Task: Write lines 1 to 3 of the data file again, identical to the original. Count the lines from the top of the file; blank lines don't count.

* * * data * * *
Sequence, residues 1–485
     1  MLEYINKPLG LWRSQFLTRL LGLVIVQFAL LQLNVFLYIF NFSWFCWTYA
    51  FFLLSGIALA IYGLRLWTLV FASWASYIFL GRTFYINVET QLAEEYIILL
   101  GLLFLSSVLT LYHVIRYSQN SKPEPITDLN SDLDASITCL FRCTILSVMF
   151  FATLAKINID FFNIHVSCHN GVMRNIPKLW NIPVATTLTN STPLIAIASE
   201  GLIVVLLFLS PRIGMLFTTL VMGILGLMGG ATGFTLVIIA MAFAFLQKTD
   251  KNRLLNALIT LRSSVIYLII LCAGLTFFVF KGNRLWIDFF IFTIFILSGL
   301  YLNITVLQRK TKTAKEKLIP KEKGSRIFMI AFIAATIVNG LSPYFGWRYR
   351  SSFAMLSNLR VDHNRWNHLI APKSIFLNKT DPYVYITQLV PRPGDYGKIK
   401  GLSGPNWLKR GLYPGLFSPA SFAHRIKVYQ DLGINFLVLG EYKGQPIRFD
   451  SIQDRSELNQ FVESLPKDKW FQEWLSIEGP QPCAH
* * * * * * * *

Sequence, residues 1–485
     1  MLEYINKPLG LWRSQFLTRL LGLVIVQFAL LQLNVFLYIF NFSWFCWTYA
    51  FFLLSGIALA IYGLRLWTLV FASWASYIFL GRTFYINVET QLAEEYIILL